DRC-Disaster Research Center

Active Studies

Kykotsmovi, AZ, March 30, 2005 -- Hopi tribal leadership signed an agreement in the village of Kykotsmovi, Arizona, March 30, 2005, with the Federal Emergency Management Agency (FEMA) that will enable federal disaster assistance to repair infrastructure damages left by severe winter storms. Participating in the signing ceremony are: seated l to r, Federal Coordinating Officer Sandy Coachman and Hopi Tribal Chairman Wayne Taylor, Jr. Standing l to r are Emergency Services Coordinator Roger Tungovia of the Hopi Environmental Protection Office and Chief Ranger Mervin Yoyetewa of the Hopi Resource Enforcement Services. Photo by Lynne Carrier/FEMA photo


New Orleans, LA, 5-21-06 -- Nancy Diez talks with Mardi Millions, FEMA Community Relations Specialist about her evacuation plan in case of another Hurricane, at the "FEMA Family Preparedness Day" in New Orleans. FEMA brought together many organizations to present emergency preparedness information and allow Parents and children to gather emergency supplies and decide where they will find safe shelter for themselves and pets during dangerous storms. Many of the items which go into an emergency supply kit were provided free at the event during raffles, activities and games. Marvin Nauman/FEMA photo


Orlando, FL, August 26, 2008 -- FEMA Administrator Paulison, Florida Congressman John Mica, and State Director of Emergency Management Craig Fugate confer at today's Leadership Briefing at the State Logistics Response Center. The recent federal Disaster Declaration provides FEMA resources to help in response to tropical storm Fay. George Armstrong/FEMA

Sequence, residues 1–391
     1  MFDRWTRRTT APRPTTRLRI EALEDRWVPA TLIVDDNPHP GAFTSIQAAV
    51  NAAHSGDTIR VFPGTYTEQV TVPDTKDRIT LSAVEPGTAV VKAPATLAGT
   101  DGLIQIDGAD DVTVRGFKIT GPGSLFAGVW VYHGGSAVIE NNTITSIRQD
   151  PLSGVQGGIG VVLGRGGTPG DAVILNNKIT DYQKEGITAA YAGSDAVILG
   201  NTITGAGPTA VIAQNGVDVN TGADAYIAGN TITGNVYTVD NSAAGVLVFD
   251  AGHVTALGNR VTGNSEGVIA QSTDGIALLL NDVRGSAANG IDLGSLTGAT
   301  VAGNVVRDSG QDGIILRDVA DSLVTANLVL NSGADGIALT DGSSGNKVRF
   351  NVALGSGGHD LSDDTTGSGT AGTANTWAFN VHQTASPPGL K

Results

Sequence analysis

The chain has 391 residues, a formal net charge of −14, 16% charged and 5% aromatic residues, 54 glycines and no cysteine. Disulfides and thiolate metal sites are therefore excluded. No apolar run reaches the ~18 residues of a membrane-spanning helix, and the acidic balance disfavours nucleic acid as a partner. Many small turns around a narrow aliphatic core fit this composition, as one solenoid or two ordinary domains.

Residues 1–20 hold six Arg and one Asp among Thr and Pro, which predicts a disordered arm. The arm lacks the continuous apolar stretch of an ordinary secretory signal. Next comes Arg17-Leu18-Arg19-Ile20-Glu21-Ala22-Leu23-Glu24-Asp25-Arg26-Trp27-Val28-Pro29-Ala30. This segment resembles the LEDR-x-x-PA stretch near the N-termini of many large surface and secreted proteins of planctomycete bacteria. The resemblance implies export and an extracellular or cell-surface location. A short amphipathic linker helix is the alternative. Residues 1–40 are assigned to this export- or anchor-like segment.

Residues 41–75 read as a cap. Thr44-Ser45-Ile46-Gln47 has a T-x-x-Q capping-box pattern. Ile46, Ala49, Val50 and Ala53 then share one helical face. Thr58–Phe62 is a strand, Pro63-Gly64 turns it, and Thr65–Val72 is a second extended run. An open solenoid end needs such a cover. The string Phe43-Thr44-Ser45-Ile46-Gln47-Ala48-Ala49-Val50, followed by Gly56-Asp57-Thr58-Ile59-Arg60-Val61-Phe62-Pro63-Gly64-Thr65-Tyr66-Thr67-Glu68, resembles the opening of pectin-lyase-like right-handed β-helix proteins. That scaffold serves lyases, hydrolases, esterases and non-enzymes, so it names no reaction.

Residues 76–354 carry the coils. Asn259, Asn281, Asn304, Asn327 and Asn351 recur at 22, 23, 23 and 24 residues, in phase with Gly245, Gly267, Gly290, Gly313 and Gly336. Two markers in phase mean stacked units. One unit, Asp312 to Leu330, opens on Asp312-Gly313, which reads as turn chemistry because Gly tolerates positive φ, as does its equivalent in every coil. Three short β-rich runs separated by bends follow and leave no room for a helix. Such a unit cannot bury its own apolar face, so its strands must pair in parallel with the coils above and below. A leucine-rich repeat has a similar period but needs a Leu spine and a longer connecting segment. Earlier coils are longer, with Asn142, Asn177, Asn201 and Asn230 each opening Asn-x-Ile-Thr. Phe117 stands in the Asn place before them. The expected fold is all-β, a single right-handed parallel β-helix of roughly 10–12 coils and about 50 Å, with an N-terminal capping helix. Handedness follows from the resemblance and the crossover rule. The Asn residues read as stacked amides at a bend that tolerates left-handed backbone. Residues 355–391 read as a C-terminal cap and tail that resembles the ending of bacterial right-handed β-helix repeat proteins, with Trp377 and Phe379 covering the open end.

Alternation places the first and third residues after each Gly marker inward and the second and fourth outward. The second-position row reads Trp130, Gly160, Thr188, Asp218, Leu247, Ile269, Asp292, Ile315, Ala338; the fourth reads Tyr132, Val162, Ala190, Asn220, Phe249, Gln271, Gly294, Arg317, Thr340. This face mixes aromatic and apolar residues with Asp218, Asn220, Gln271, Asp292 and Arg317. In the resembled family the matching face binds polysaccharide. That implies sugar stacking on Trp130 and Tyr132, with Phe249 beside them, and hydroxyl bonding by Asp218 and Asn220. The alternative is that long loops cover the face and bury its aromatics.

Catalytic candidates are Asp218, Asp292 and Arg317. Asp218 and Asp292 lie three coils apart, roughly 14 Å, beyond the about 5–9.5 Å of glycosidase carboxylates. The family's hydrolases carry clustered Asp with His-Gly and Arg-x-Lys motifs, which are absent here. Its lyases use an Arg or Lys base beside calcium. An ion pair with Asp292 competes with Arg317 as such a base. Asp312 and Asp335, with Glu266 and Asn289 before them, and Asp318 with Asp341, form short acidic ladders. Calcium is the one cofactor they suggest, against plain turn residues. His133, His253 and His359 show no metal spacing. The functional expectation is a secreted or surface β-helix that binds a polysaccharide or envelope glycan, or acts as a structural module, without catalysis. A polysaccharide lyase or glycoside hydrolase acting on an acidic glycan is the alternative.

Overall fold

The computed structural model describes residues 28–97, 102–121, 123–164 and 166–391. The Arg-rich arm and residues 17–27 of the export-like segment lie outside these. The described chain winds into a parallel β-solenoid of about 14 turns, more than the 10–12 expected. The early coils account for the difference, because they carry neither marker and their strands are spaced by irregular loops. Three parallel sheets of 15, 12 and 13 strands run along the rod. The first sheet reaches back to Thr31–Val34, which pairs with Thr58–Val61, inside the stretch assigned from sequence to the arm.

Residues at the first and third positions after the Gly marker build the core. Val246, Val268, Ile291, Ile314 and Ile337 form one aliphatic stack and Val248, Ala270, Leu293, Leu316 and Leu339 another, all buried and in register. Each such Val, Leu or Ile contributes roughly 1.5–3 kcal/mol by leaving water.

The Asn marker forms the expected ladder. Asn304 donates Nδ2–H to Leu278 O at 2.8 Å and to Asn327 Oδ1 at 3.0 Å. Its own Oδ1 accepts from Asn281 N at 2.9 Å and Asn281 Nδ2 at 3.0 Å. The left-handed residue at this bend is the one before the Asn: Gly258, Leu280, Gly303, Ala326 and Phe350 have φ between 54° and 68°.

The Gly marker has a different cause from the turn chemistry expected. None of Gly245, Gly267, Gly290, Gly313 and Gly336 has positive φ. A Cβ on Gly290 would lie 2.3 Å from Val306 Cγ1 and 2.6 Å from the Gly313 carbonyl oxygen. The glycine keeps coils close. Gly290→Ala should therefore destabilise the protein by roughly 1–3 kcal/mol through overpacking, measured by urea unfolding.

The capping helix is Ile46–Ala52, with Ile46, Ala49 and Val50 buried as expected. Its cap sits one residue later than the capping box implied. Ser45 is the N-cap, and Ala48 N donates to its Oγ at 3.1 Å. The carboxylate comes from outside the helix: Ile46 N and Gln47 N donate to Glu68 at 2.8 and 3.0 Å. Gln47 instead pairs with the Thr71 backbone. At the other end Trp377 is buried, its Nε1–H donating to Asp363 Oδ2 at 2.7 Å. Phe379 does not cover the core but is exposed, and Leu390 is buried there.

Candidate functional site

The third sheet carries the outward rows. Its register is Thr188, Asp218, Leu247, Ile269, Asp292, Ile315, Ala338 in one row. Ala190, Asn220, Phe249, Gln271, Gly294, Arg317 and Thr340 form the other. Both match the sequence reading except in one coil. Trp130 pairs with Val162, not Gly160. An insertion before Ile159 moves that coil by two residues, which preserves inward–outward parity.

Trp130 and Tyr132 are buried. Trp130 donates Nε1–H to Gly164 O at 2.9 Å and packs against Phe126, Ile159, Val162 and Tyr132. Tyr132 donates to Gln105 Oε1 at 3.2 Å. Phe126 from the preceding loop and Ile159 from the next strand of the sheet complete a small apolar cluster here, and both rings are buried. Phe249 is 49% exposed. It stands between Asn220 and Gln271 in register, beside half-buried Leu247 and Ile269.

COE: Multi-Organizational Collaborative Leadership and Interaction

Principal Investigators: Tricia Wachtendorf with William Waugh (Georgia State University)
Funding Agencies: Department of Homeland Security: Center of Excellence for the Study of Natural Disasters, Coastal Infrastructure, and Emergency Managment

Study Description

The goal of this project is to help officials do a better job of coordinating incidents that are multi-organizational and/or multi-jurisdictional.  Consideration is given to traditional formal responders as well as other community-based involvement and the integration of public and private sector efforts, social and human factor elements, and political and cultural facilitators/barriers to response participation. This project will: (1) assess the effectiveness of current organizational structures and incident management systems in building and maintaining collaboration among stakeholders involved in managing hazards and disasters; (2) identify best practices, major issues, and the skill-set (individual and organizational) necessary to build and maintain collaborative relationships; (3) identify skills, cultural features, and social relationships that can foster effective improvised action when a multi-organizational response is necessary; and (4) design and test a training program in collaborative management and leadership for community and state officials involved in managing hazards and disasters. Research methodology includes focus groups, in-depth interviews, and test-bed application.